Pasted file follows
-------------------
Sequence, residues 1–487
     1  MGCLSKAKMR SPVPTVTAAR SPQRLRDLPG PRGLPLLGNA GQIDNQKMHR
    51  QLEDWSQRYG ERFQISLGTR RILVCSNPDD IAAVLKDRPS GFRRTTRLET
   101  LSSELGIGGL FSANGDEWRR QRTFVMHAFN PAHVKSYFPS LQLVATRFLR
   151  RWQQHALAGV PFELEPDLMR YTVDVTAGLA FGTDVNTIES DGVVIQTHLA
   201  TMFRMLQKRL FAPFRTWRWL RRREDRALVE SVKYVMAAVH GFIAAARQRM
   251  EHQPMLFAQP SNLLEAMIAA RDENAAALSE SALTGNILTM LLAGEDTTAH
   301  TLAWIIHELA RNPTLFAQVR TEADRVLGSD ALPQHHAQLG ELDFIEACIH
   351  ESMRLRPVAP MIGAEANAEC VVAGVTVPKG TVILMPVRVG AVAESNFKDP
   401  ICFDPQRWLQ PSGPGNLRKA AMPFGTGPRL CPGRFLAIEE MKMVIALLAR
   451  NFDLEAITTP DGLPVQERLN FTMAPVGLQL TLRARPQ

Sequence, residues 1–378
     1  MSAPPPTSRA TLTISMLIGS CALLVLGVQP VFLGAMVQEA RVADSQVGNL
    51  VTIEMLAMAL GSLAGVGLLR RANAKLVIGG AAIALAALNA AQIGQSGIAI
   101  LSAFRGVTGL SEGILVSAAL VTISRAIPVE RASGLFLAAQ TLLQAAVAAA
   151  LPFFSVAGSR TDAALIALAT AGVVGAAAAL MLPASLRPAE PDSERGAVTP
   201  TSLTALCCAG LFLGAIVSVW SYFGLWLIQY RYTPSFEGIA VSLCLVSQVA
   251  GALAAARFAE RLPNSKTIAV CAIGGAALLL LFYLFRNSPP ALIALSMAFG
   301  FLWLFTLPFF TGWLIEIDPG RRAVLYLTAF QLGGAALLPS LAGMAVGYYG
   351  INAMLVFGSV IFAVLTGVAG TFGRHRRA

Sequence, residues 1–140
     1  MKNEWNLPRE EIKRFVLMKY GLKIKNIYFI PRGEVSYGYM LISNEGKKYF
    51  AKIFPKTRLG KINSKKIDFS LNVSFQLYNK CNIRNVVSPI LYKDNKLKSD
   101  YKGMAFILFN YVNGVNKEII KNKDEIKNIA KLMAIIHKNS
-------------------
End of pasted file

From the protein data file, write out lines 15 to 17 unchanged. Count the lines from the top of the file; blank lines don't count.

   101  LSAFRGVTGL SEGILVSAAL VTISRAIPVE RASGLFLAAQ TLLQAAVAAA
   151  LPFFSVAGSR TDAALIALAT AGVVGAAAAL MLPASLRPAE PDSERGAVTP
   201  TSLTALCCAG LFLGAIVSVW SYFGLWLIQY RYTPSFEGIA VSLCLVSQVA